Molecular probes for understanding disease using PET and fluorescence imaging

Morgan, Timaeus Edmund Francis (2019) Molecular probes for understanding disease using PET and fluorescence imaging. PhD thesis, University of Glasgow.

Full text available as:
[thumbnail of 2019MorganPhD.pdf] PDF
Download (8MB)
Printed Thesis Information:


During the course of this PhD, several libraries of potential PET imaging agents were synthesised for testing their affinity and selectivity for sphingosine-1-phosphate 5 receptors (S1P5). These receptors are located within oligodendrocytes and are proposed to have a major role in the re-myelination of neurons. Imaging of these receptors could lead to new treatments and diagnostic tools for the management of demyelinating disorders, such as multiple sclerosis (MS). The libraries of compounds were subject to biological evaluation and two lead compounds, fluorobenzamides 89 and 94, were identified as being the most potent and selective for S1P5 receptors. The synthesis of a further compound that was described in the literature as having high affinity for S1P5 was adapted to allow for the preparation of precursor 124 for 11C-labelling. The radiosynthesis of compound [11C]33 was then optimised.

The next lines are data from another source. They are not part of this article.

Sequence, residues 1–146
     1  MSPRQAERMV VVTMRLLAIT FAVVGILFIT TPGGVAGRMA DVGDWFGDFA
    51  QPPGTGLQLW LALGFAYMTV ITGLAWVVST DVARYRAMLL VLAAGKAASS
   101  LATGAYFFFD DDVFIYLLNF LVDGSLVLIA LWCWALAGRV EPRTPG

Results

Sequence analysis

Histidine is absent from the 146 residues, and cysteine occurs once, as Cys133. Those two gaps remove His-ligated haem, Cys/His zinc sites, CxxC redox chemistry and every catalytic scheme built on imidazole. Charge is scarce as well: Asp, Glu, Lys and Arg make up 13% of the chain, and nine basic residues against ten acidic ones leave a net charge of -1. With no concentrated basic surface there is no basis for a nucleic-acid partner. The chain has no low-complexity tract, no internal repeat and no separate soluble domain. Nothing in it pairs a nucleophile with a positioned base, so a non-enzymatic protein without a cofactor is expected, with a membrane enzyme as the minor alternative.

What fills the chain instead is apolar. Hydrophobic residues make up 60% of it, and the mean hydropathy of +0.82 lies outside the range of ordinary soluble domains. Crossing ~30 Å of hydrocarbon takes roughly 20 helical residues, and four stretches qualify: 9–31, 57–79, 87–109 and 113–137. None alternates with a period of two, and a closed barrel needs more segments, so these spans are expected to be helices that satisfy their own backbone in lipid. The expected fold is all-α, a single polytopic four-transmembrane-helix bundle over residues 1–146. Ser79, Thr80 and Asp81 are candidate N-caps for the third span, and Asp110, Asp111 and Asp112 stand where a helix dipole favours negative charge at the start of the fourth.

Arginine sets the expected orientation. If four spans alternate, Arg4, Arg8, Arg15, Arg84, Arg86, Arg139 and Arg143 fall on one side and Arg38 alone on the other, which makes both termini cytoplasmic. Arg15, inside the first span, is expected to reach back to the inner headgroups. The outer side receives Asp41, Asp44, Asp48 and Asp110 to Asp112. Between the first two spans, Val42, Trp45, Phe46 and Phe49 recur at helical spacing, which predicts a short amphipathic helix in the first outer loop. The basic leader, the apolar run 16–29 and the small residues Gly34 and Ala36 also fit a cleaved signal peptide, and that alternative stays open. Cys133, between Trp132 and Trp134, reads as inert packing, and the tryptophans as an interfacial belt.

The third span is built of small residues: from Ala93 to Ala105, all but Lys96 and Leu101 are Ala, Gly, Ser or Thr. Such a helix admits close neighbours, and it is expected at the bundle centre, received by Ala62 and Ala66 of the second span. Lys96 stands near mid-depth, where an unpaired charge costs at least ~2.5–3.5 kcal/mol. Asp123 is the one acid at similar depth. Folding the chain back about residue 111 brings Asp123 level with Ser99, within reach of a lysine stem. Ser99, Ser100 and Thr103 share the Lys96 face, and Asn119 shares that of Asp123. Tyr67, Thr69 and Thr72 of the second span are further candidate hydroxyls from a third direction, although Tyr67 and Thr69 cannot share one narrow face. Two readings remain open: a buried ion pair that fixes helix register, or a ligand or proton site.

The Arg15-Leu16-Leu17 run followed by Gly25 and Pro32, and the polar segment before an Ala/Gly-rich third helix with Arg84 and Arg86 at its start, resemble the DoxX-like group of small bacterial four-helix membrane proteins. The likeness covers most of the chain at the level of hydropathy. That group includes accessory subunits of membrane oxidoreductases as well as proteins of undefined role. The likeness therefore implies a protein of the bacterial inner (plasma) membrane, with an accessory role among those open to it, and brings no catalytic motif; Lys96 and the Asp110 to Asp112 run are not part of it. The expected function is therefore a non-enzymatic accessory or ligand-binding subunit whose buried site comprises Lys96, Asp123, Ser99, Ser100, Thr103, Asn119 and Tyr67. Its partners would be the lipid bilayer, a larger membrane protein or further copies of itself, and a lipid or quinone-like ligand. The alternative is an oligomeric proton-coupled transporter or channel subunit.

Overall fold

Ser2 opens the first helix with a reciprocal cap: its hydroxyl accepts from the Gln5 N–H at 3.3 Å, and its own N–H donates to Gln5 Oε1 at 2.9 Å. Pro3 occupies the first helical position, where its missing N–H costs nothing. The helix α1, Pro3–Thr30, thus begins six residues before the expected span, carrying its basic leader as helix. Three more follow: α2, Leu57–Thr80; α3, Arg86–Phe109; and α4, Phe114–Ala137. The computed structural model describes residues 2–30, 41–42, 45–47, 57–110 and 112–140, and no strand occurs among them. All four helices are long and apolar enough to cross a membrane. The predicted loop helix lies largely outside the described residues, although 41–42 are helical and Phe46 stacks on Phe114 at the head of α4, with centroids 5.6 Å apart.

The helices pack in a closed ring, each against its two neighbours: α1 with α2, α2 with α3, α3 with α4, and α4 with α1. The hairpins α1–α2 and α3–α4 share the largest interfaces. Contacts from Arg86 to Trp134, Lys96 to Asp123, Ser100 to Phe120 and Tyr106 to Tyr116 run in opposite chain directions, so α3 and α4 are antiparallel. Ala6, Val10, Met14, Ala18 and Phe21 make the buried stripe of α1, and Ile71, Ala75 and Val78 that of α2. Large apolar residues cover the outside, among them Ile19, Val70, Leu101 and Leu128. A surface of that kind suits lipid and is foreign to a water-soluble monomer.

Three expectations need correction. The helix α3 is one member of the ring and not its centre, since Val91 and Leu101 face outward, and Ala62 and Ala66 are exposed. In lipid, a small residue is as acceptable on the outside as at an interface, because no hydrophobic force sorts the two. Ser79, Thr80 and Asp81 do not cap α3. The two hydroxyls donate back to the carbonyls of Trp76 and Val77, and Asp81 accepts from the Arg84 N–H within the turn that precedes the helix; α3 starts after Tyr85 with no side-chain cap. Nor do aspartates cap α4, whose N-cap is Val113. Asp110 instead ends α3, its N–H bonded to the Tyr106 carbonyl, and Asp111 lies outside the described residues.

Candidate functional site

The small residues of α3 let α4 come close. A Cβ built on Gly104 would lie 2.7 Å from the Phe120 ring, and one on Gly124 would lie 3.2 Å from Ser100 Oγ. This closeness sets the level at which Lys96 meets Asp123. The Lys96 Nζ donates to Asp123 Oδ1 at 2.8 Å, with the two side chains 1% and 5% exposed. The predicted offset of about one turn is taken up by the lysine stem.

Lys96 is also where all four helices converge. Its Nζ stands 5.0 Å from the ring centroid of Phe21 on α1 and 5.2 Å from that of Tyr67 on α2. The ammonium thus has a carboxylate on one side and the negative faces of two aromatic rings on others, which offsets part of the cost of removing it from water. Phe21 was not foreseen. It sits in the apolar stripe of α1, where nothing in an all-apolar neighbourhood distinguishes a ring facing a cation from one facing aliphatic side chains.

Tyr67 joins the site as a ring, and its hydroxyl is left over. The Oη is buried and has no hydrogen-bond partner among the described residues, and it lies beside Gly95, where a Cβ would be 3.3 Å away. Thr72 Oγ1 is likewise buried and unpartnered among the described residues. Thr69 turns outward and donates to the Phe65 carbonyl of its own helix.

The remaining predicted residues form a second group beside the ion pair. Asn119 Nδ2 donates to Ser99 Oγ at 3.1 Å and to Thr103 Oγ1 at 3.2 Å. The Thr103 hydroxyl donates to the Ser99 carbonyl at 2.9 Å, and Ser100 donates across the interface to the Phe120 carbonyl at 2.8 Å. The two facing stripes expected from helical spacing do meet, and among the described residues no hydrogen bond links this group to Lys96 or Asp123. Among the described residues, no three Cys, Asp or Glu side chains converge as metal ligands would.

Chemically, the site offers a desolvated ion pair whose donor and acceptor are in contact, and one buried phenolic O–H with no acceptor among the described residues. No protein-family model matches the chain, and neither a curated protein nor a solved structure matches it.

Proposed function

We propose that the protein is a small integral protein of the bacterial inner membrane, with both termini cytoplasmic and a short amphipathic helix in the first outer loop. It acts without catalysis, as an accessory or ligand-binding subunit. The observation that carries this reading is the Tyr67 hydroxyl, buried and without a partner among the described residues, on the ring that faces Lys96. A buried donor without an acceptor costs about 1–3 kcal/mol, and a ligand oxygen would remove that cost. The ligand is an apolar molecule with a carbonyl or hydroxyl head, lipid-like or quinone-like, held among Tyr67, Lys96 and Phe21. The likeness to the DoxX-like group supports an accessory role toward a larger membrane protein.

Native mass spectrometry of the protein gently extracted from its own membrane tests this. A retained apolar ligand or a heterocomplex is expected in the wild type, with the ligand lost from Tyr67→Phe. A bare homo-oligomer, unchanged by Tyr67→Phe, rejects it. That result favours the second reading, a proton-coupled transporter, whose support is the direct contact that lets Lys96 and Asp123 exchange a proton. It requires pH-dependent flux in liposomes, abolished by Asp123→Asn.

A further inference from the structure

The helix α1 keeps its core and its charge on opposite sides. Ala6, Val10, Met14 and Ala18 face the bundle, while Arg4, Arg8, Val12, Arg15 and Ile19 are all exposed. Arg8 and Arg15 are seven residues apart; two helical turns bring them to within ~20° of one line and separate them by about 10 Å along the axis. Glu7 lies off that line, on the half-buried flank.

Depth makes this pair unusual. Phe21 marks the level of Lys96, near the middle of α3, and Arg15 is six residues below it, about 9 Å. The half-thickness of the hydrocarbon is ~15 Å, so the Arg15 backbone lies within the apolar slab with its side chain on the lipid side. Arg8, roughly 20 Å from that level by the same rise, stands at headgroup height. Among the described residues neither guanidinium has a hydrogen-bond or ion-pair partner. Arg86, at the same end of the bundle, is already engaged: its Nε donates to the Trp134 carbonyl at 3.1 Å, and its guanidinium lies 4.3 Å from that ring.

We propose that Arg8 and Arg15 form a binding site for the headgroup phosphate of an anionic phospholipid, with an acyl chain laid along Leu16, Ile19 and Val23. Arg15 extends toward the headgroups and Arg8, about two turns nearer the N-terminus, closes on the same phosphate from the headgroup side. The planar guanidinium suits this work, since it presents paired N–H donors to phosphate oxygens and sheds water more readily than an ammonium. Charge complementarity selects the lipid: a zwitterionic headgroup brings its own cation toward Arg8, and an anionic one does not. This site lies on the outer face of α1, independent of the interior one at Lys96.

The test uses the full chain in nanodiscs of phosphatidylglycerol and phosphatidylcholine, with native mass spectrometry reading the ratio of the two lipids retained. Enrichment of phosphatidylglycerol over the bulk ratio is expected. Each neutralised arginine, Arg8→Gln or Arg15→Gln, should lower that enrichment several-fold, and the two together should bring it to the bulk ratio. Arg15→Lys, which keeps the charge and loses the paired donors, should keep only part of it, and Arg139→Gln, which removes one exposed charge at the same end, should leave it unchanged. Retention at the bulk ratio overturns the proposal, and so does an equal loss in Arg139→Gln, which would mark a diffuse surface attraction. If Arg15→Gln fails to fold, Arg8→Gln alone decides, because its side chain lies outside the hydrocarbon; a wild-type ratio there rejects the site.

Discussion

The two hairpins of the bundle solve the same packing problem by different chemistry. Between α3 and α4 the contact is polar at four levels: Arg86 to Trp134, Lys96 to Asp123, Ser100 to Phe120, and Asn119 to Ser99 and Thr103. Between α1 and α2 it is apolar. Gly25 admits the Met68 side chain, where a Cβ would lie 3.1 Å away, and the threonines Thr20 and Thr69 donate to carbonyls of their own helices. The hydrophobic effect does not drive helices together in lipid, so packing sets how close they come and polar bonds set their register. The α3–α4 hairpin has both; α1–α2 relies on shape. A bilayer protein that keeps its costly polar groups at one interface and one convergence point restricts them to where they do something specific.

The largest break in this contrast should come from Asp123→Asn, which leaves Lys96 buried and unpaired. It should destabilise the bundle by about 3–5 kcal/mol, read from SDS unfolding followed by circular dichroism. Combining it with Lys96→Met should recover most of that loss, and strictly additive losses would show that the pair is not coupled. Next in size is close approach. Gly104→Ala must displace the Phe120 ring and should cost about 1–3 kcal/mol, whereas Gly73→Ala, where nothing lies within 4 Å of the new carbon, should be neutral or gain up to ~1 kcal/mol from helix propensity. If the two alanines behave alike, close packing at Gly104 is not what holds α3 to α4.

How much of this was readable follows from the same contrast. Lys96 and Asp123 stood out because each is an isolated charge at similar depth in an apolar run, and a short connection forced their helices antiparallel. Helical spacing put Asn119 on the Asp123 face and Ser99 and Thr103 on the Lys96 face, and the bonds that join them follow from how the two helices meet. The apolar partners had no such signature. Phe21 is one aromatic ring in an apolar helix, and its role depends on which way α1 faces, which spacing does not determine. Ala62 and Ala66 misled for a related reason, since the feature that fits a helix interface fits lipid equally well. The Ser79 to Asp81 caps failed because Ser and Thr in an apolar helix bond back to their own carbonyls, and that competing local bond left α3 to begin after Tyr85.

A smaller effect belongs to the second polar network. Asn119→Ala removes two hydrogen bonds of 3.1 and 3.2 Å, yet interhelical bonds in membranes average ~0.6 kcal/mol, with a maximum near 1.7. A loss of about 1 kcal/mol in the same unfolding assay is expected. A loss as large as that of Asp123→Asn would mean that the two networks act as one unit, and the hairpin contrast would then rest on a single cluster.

An improved synthesis of AB5186, an imaging agent for the translocator protein (TSPO),was developed. TSPO has been shown to be involved in inflammatory processes and is a biomarker for many inflammatory diseases. Evaluation of AB5186 led to the synthesis of a higher affinity compound LW223 (155), which was not sensitive to the single nucleotide polymorphism present in TSPO. A synthesis of LW223 (155) was developed that allowed for the production of two potential precursors for radiofluorination. Investigation of the radiochemistry showed a chloro-precursor was the most efficient for 18F-labelling.

Finally, an investigation into a polymer-supported nitrite reagent approach for the synthesis of benzotriazole derived α-amino acids allowed the preparation of a variety of functionalised compounds in relatively few steps. Further derivatisation of these compounds led to the discovery of a benzotriazole derived α-amino acid 212 with strong fluorescence in the visible region.

Item Type: Thesis (PhD)
Qualification Level: Doctoral
Keywords: Organic chemistry, radiochemistry, positron emission tomography.
Subjects: Q Science > QD Chemistry
Colleges/Schools: College of Science and Engineering > School of Chemistry
Supervisor's Name: Sutherland, Dr. Andrew
Date of Award: 2019
Depositing User: Mr Timaeus E. F. Morgan
Unique ID: glathesis:2019-76760
Copyright: Copyright of this thesis is held by the author.
Date Deposited: 12 Dec 2019 11:49
Last Modified: 02 Aug 2022 10:26
Thesis DOI: 10.5525/gla.thesis.76760
Related URLs:

Actions (login required)

View Item View Item


Downloads per month over past year